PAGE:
The L-function of CM elliptic curve $E$ over an imaginary quadratic field can be written as the product of the Hecke L-functions (for simplicity, I assume that the base field of the elliptic curve and the CM field is the same field $K$). This Hecke character's target is $\mathbb{C}^{*}$ and not $S^1$.

The Hecke character is often written as a character whose values are in the unit circle. If we write

$L(E,s):=L(\chi,s)L(\overline{\chi},s)$ $\quad$ ($\chi$ is the Hecke character whose values are not in $S^1$)

$\mathbb{L}(E,s):=L(\chi',s)L(\overline{\chi'},s)$ $\quad$ ($\chi'$ is the normalize Hecke character whose values are in $S^1$),

my question is if one can relate $L(E,1)$ and $\mathbb{L}(E,1)$. Please tell me.

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    $\begingroup$ Do you know how to express the $L$-function of a non-normalized Hecke character $\chi$ in terms of the $L$-function of its normalized form $\chi'$? $\endgroup$ – KConrad Jan 3 '16 at 15:44

The two $L$-functions are shifts of each other. That is, $\mathbb{L}(E,s)=L(E,s+s_0)$ for some fixed $s_0$. BTW some people do not appreciate the importance to shift normalize every automorphic $L$-function so that its center is $s=1/2$. This normalization creates order in the world and pays respect to Riemann as well.

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    $\begingroup$ Indeed, specifically, for elliptic curves there is a "competing" tradition of making the critical strip $0\le \sigma\le 2$, and critical line $\sigma=1$... $\endgroup$ – paul garrett Jan 3 '16 at 17:41
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    $\begingroup$ It makes sense to use the other normalization for algebraicity issues; for instance, the field generated over $\mathbf{Q}$ by the coefficients of the Hecke-normalized $L$-function of an elliptic curve (i.e., functional equation between $s$ and $1-s$) is of infinite degree over $\mathbf{Q}$, and depends on the elliptic curve (through the set of supersingular primes, for instance). $\endgroup$ – Denis Chaperon de Lauzières Jan 3 '16 at 19:05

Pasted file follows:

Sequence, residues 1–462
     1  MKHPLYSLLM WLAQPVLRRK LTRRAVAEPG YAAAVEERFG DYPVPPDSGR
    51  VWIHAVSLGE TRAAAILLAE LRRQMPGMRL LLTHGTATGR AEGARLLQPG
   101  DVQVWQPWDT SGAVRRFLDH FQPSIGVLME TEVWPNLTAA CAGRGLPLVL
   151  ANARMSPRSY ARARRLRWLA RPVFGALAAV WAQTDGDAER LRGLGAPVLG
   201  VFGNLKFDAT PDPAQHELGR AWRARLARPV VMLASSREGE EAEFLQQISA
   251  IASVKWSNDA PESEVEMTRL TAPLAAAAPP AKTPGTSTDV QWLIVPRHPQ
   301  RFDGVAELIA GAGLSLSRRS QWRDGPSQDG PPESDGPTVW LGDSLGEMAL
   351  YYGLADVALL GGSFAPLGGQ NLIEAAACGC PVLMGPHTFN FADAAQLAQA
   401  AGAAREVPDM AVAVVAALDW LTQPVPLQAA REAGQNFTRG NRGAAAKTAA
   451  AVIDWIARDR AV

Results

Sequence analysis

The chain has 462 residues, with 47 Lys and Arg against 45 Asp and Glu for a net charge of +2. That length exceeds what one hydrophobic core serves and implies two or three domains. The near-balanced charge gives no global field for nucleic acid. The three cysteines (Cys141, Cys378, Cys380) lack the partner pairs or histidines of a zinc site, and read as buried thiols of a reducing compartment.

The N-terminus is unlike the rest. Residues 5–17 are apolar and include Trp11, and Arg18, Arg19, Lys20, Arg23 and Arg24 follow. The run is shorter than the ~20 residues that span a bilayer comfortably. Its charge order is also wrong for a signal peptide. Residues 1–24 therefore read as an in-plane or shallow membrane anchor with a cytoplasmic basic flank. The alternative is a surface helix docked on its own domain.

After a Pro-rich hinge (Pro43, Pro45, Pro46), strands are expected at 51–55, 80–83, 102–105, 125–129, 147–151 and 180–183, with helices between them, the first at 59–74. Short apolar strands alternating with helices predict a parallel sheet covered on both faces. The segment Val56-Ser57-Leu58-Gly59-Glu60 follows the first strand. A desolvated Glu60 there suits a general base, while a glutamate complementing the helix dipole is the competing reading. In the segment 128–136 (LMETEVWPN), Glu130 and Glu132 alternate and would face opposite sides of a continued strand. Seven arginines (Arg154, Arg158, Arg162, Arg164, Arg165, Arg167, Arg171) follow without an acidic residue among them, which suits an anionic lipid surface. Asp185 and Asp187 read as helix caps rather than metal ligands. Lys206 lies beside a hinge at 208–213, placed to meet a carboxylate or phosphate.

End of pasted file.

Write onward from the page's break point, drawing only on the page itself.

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    $\begingroup$ @DenisChaperondeLauzières: No doubt it makes sense, but I don't like it, especially that most automorphic $L$-functions seem highly transcendental. Algebraicity is a rare feature. $\endgroup$ – GH from MO Jan 3 '16 at 19:27
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    $\begingroup$ Somewhat related to @DenisChaperondeLauzières's comment, although I myself do like the $s\leftrightarrow 1-s$ convention, it is true that Deligne's conjectures, e.g., proven in some cases by Shimura and others for holomorphic elliptic or Hilbert modular forms' L-functions, about special values, do seem to "want" a wider critical strip, etc. And, yes, these results are highly anomalous. Once again, I think there's no single best convention... so one always must think about context. In a different universe things might have been otherwise... $\endgroup$ – paul garrett Jan 3 '16 at 22:53
  • $\begingroup$ @paulgarrett: I think the symbol $L(s,\pi)$ should be reserved for the finite $L$-function $\prod_p L_p(s,\pi)$ with functional equation $s\leftrightarrow 1-s$ and $\pi\leftrightarrow\tilde\pi$. Anything else, e.g. $L(s,\pi)$ with the gamma factors attached, or $L(s,\pi)$ shifted by some constant or rescaled in any way, should be denoted with a different symbol such as $\Lambda(s,\pi)$ or $D(s,\pi)$. This could be carried out in our universe. $\endgroup$ – GH from MO Jan 4 '16 at 1:48

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